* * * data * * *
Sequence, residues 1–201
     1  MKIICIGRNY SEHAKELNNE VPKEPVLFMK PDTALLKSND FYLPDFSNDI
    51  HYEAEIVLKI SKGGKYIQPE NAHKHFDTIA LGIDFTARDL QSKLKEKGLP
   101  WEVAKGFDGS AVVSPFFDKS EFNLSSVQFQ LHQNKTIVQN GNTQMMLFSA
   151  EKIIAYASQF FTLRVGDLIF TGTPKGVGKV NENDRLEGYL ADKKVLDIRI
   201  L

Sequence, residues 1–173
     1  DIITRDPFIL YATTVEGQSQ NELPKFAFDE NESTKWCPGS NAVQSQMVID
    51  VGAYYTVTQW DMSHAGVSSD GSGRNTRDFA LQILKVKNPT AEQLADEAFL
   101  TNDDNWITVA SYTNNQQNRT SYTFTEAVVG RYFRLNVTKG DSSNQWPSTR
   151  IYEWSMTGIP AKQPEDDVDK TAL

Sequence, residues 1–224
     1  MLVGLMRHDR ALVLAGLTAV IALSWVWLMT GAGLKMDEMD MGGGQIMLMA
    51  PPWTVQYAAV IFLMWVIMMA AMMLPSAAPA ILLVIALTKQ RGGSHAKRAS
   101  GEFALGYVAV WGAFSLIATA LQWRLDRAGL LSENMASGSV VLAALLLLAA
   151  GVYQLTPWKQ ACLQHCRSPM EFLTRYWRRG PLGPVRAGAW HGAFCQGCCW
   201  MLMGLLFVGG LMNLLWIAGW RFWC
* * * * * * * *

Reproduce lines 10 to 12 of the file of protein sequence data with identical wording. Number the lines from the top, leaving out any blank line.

   101  TNDDNWITVA SYTNNQQNRT SYTFTEAVVG RYFRLNVTKG DSSNQWPSTR
   151  IYEWSMTGIP AKQPEDDVDK TAL

Sequence, residues 1–224